The Scream by Edvard Munch

The Scream by Edvard Munch
"The Scream" was an 1893 painting that became an iconic symbol for a stressful life in twentieth and twenty-first century pop culture. Did the Norwegian Expressionist painter Edvard Munch intend for "The Scream" to have such mass appeal?

In his diary of 1892 the artist said he was "walking along a path with two friends - the sun was setting - suddenly the sky turned blood red... I stood there trembling with anxiety - I sensed an infinite scream passing through nature."

The image of "The Scream" depicts a sexless, agonized figure with its hands on its head, the shriek echoing through the sky (as expressed by Munch's curvy lines). "The Scream" has several versions: two paintings, two pastels and one lithograph.

Munch was introduced to printmaking in 1894 - which allowed the artist to change and rework the images by changing color or line. In 1985 he added a version of "The Scream" as a lithograph, meant for reproduction. This was one way the artist could make a steady income from the work. Perhaps Munch was aware of the public’s curiosity and future mega interest in his image’s horrifying shriek (skrik in Norwegian).

Many theories have been offered to explain what influenced Munch and what his motives may have been. The figure with its hands by its head can also be seen in Paul Gauguin’s painting, "Where Do We Come From? What Are We? Where Are We Going?" (1897), in the Museum of Fine Arts, Boston.

The crouched figure can be seen as the old woman (representing the end of life) on the left hand side of the painting. Gauguin and Munch were friends and perhaps they saw this same image as a mummy at the 1889 Exposition in Paris or a museum in Florence and decided independently to use it as a theme in their paintings.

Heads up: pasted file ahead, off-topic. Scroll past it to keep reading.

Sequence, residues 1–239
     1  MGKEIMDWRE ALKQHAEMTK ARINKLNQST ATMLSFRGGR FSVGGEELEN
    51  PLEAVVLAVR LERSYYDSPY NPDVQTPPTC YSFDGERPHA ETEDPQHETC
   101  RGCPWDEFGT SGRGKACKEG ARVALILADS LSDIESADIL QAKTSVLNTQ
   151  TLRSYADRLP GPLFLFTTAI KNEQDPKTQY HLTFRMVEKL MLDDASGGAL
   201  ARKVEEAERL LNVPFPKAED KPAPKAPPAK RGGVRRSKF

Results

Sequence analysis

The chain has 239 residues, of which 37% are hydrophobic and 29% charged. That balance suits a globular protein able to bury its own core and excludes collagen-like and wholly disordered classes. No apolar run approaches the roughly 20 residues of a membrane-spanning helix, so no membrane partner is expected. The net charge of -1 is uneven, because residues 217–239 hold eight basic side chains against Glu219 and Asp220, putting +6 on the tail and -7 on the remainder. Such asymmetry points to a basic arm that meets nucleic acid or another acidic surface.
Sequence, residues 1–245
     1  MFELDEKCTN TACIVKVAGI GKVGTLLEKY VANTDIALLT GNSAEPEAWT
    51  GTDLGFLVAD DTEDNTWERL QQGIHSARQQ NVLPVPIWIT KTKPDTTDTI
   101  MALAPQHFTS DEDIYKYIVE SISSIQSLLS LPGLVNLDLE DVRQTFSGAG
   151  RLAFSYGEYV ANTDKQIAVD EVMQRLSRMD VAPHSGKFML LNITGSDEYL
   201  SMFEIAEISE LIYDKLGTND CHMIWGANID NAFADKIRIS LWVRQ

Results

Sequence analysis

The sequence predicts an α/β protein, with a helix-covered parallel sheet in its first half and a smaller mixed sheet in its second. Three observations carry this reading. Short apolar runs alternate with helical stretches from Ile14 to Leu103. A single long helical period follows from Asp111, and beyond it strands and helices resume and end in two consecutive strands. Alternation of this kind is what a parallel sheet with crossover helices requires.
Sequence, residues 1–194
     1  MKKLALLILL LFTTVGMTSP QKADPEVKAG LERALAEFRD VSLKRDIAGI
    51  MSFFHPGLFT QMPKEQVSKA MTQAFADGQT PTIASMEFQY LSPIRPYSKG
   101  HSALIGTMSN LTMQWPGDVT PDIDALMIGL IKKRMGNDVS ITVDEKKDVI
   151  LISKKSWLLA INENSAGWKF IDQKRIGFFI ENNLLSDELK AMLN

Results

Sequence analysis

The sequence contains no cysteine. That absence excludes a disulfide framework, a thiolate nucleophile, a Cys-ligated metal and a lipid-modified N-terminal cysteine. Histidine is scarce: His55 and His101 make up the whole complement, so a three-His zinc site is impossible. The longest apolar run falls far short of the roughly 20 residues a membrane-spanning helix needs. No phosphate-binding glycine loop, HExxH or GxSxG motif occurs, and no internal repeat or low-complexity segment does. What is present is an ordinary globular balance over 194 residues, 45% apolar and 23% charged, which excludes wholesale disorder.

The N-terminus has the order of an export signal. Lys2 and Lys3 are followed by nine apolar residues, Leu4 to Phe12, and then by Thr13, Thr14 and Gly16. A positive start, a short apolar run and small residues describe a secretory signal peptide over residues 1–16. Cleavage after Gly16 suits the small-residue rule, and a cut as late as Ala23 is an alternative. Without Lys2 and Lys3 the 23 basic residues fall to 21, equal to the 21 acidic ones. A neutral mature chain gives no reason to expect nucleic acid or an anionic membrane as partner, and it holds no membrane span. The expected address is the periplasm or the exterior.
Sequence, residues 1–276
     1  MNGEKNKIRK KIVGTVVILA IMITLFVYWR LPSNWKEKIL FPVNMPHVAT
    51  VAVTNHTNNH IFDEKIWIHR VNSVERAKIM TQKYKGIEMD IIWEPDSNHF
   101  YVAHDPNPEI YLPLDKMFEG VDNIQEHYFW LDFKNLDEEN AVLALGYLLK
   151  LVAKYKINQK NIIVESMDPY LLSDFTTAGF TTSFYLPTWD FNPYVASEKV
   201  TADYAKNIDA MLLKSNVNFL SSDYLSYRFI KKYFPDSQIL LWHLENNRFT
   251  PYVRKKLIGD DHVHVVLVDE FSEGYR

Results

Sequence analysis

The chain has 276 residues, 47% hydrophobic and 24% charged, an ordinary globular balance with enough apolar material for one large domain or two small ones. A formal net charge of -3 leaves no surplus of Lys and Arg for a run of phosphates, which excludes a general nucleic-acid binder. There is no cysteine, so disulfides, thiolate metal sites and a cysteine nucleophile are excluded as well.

Munch had much sadness in his youth as his mother died of tuberculosis when he was five years old, his sister Sophie succumbed when he was fourteen, and at age twenty-five his father died. Shortly thereafter his sister Laura was declared a manic depressive and was committed to a mental hospital at the foot of Ekeberg Hill. This view from the road overlooking Oslo, the Oslofjord and Hovedøya is where experts have determined to be the location of "The Scream."

Adding to the international notoriety of Munch's paintings has been some high profile art thefts. On the opening day of the Winter Olympics in Littlehammer in 1994, one version of "The Scream" was stolen from the National Gallery. The painting was later recovered the same year.
In 2004 "The Scream" and "Madonna" were stolen at gunpoint from the Munch Museum in Oslo. Both paintings were subsequently found in 2006, with minimal damage.

It has been said that the human psyche will display an interest in others who have similar life experiences. It seems fair to say that the theme of isolation, loneliness and depression speaks volumes for the reason for the popularity of "The Scream," uniting all ages and socio-cultural backgrounds.

You can own an art print of Edvard Munch's "The Scream."

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